“There will come a time when you believe everything is finished.
That will be the beginning.”
So what is so hard about getting started?
When I was a young sprout, there were ideas everywhere, or so it seemed to me. Everything was new. I couldn’t tell a fresh idea from one that was worn out. They all seemed exciting to me. Moving on through life, I gained knowledge and judgment. I began to form opinions. I got picky about ideas. I got sophisticated. College taught me that all the stuff I learned as a kid was crap, my parents were dumb, unsophisticated hicks and I shouldn’t trust my instincts unless they were first verified by The New Republic. But college doesn’t last forever. Sometime you have to start paying the piper. I had to get a job.
In the workplace it was different. So much for new ideas. Nobody even wanted me to think. It turned out that those smart college profs didn’t have any better answers than my parents. All the social profiling and posturing that seem so smart in college just didn’t seem to work in the office. I bought into all the new ideas, got creative, encouraged people to become raving fans and quickly discovered that my boss didn’t want my ideas. He wanted me to do what he wanted, when he wanted it, stop complaining and suck up. So life continued. I hunkered back and just coped, muddling through my parenting years, reeling between one crisis and another, cautiously taking baby steps without making any big commitments.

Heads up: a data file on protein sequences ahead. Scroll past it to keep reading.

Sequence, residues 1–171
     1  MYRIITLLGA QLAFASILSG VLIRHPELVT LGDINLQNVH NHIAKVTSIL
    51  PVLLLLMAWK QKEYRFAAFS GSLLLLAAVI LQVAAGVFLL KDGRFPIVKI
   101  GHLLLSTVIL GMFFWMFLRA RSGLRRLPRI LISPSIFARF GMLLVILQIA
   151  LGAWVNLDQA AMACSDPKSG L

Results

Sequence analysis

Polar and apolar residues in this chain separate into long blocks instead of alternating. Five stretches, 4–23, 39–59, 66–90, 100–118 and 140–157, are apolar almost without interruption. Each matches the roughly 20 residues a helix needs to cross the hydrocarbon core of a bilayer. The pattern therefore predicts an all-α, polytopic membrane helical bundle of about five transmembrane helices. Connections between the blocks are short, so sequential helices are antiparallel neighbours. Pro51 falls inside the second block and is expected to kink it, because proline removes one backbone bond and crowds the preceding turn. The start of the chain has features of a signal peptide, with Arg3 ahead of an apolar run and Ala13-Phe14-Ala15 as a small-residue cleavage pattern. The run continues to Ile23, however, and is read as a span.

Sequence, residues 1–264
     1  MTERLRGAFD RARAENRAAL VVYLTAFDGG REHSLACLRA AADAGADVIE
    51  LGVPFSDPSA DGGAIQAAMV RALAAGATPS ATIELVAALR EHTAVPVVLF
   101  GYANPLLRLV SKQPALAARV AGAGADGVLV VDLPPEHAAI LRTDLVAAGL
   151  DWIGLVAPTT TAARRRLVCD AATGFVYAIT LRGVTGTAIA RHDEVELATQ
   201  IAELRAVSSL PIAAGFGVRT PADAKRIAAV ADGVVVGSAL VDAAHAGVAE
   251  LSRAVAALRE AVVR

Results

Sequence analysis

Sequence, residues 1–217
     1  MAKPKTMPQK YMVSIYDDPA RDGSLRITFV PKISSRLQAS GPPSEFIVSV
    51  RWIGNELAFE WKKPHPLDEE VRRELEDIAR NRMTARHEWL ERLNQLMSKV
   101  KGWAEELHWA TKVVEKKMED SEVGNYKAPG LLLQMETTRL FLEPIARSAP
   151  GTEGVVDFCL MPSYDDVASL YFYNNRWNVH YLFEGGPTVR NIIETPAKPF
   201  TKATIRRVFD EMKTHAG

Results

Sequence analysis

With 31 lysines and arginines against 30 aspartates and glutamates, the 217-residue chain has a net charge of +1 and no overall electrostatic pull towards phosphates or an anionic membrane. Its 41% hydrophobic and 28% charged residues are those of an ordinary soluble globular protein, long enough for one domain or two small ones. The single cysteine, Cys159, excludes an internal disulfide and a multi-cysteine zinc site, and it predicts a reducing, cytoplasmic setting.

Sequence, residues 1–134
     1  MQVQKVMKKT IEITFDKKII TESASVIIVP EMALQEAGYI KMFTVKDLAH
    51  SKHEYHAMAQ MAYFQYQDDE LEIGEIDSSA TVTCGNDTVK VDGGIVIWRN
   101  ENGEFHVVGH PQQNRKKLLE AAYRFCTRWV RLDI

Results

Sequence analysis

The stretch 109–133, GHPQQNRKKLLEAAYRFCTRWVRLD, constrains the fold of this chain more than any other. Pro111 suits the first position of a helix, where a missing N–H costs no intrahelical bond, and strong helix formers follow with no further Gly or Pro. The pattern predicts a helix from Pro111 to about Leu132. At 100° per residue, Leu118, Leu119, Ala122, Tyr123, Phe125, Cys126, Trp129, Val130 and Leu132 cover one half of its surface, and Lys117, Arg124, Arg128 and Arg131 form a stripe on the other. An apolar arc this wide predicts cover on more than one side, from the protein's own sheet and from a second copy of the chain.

Now here in my Golden years, I find that I’m pretty set in my ways. I don’t expect to be a world beater anymore. I just want to get along. It’s what worked for me all these. Whatever success I got in life, I can attribute to taking no initiative, grabbing no limelight and following the person who can do me the most good. And then I retired.
I thought I was all finished with life. I thought all my battles were fought and lost. I thought there wasn’t a challenge left to face. I thought it was all over. Then I discovered I was wrong. Retirement makes you start all over – unless you are ready to die and get it over with.
So now, in retirement, nothing much matters. It’s just you. There is no job, no status, no followers. Whatever you had before is gone. Who are you? Who cares? Why do you get up? It’s all over if you let your job define you. If you don’t have a role in your family or your community, you might as well have died on our last day at work.
So the good news today about finishing is that it always signals a beginning. That is the problem that retired people face and the answer they choose makes all the difference. You know what ended with retirement and if you stop there all that is left is to ride that end down to the grave. On the other hand, if you choose to begin something, all the excitement and opportunities of life fill you with excitement and optimism. How can you begin something at the end of your life? The question begs the answer. You can’t. If you begin something new, you can’t be at the end. And if you don’t begin something new it is all over, whether you know it or not.